|Re: [p2-dev] @noimplement on IMetadataRepository ?|
John Arthorne wrote:
Yikes, I didn't mean to start an EMF holy war here,Hehehe. The wrath of the righteous. :-P
I was just explaining the reasoning behind using an abstract base class.It makes good sense.
I can understand that EMF uses base classes for exactly the same reason and completely agree there's no easy answer here.Yep. In the end, even an abstract base class is a bit of a false sense of security. Certainly one can keep the compiler happy but can one really ensure that a good implementation can be provided in the base? Only if it's possible to delegate everything only existing other methods, in which case, it could be done as an external utility...
The difference in my mind is that EMF is a technology that is used to implement domain-specific models, so this limitation affects what kinds of domain-specific APIs can be implemented via EMF (only purely interface-based APIs).Yes. For example, sometimes folks express a design to have an exception modeled as an EClass; that runs into the same problem.
IMetadataRepository *is* the domain-specific model in this case, and it seemed unjustified to impose limitations on the design of this API to satisfy the constraints of one particular technology that can be used to implement the API (EMF in this case).Maybe I'm splitting hairs or mincing words, but you're imposing limitations on the implementation of the API in order to preserve the flexibility of evolving that API.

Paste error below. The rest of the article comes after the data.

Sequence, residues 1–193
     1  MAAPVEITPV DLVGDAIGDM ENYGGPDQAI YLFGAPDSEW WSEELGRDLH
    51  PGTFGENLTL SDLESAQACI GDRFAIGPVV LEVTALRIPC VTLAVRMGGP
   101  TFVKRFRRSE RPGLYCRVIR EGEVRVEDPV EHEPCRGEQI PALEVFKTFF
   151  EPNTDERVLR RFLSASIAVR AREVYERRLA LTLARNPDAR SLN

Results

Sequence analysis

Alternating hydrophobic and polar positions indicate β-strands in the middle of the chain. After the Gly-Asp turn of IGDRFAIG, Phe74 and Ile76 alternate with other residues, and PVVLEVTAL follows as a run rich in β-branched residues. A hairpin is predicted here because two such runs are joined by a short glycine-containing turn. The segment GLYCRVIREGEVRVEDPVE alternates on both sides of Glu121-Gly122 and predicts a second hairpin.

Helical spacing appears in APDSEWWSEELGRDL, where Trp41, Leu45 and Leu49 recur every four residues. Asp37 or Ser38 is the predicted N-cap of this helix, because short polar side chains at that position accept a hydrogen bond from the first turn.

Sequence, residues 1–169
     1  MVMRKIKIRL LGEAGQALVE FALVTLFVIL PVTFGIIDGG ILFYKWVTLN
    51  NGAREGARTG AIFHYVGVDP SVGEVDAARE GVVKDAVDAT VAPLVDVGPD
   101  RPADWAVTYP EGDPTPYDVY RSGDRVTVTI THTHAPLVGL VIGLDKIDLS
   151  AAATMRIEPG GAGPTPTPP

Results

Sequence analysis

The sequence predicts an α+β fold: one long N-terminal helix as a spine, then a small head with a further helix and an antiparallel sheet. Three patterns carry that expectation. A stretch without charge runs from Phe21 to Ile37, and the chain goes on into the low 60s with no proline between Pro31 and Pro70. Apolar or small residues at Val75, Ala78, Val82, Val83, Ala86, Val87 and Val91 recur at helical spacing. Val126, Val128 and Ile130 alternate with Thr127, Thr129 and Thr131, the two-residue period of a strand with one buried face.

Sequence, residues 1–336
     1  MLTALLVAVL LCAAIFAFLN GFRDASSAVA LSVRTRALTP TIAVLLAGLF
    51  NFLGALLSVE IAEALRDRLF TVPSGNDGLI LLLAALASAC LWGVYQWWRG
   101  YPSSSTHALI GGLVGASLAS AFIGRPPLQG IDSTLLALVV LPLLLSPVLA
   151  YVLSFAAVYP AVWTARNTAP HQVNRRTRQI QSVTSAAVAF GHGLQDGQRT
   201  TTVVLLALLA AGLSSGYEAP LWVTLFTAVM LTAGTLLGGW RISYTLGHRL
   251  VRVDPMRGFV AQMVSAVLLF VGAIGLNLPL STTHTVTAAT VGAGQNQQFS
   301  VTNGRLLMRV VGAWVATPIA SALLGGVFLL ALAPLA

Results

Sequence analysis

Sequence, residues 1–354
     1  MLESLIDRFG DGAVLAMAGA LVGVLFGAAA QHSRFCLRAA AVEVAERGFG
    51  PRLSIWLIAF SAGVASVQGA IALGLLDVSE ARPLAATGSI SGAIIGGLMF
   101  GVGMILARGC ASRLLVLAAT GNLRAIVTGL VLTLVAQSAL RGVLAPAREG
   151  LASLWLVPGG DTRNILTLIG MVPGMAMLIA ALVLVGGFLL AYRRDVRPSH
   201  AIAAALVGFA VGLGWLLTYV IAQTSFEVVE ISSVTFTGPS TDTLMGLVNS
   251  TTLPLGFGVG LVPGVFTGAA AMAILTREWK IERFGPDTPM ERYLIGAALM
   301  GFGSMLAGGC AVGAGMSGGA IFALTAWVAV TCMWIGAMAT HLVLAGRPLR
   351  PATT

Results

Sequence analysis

I doubt that line of reasoning will convince anyone but this is what I was thinking when I made the statement about the EMF limitation.It's definitely reasonable to call it a limitation.
I imagine that's possible. You might model an analog/copy of the interesting methods and accessors for IMetaDataRepository and its supertypes and provide an accessor that returns a "real" IMetaDataRepository that extends AbstractMetadataRepository, which in turn is extended to produce the expected notifications. Sounds a bit messy...
One might imagine someone wanting a CDO-backed implementation where the objects don't carry any data directly but rather communicate with another process in response to all method calls, i.e., they just provide a view on a centrally maintained shared instance. That's not possible when AbstractMetadataRepository has determined that the implementation necessarily carries/caches the data in fields within the object.
In any case, design generally involves trade-offs and who's really to say what's ideal given that ideal varies depending on one's perspective.